“Putin Carterizes Obama, Totally”


The Sudetenland in 1938.
In at least two senses, not far from the Crimea in 2013.
(Click to enlarge.)


It’s pretty apparent that, at least as things stand now, Mr. Putin is planning to annex the Crimea.


Mr. Obama, in response, has said some fairly strong things today.


Hillary Clinton, our presumptive next president, also had some strong things to say.  Yesterday or the day before.


That’s not sufficient, but it’s not bad.


The overall situation, however, is bad:





  • dangerdad

    My only disagreement is with the phrase “planning to”. Welcome back USSR, we really didn’t miss you.

    • DanielPeterson

      I meant formally, of course.

      De facto, it’s already done.

  • peredehuit

    Judging from the article sounds like Putin is up on his US military doctrine. Pentagon planning used a two front war as a measuring stick for planning and budgeting. I wouldn’t be surprised if he used North Korea as a distraction while pursuing objectives on multiple fronts. Amateurs have a difficult time sorting through the noise to see what is important.

    I’m sure he sees us a fat, weak and lazy. He’s banking on the fact that we’ll get “foreign policy weary” and cave in so we can go back to our cell phones, video games etc. He doesn’t have the resources to go toe to toe with the world right now, but given time. He could.

  • Scott W. Clark

    We are hearing that the only channels they now get in the Crimea are Russian. The Russian channels have been spouting propaganda in all of this.
    There is also some information coming out of there that the Russians have begun marking the homes of Crimean Tatars and have bulldozed those Tartar habitations for which the owners do not have the proper documentation. If this is true, then the analogy to the Sudetenland and Hitler is becoming much more apt. It also raises the question, what does the West do if they are singling out the Tatars for special treatment? And doesn’t it raise the likelihood that someone’s going to get pulled into this thing that we might have some commitments to we can’t back out of all that easily, if it is true?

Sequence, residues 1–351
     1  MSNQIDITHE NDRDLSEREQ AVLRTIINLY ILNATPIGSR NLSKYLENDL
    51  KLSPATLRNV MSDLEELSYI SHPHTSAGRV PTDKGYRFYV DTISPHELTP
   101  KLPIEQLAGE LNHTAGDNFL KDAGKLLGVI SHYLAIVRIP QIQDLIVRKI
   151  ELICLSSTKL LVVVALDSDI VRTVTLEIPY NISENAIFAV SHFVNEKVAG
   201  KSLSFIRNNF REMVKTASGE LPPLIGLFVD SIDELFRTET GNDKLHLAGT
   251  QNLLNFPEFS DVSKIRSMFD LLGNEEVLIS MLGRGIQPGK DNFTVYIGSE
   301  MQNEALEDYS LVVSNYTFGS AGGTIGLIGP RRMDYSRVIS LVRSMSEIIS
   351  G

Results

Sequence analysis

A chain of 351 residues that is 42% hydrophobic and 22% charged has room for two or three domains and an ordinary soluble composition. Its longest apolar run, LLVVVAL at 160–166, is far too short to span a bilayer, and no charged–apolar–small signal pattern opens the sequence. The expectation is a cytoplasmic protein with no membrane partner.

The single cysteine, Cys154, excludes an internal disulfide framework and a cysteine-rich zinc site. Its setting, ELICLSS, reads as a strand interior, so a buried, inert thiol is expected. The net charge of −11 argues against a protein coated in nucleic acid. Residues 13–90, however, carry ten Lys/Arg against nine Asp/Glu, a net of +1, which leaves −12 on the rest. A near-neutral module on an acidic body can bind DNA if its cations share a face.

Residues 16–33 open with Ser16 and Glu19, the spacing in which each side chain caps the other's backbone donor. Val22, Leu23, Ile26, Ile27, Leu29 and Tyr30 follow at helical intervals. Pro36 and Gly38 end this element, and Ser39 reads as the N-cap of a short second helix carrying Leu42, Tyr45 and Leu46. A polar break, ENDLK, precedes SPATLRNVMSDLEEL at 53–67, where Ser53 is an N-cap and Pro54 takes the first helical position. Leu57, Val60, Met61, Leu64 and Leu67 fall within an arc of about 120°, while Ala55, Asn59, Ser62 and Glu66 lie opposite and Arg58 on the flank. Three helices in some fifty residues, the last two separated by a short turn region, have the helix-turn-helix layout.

It does make some perverse sense. They are the group that most threatens the joyous and glorious advance of the Fatherland there.
    It is a pity for the Russian people. There are a lot of good ones there including many members.(Some of the members though, including friends of ours, have gotten caught up in the propaganda.) They have been imposed upon by these thugs themselves. A new poll suggests that 70% of the Russian people are against the invasion. That says something.
    We have gone through two revolutions since I’ve been here and now this. Makes the PC things that tend to dominate the discussions of Americans and American church members seem kind of petty and small.

    • DanielPeterson

      Thanks for your on-the-scene reports, It’s good to hear from somebody who’s there.

  • Louis Midgley

    RT News (aka Russia Today), which I have recently been watching regularly, has been trumpeting the Putin line. Then RT, which is a Russian owned propaganda agency busy spouting stuff on American TV, had major public defections from key staff members who were no longer willing to parade in public the Putin line of lies. Though it did not change the world, this pleased me a bit.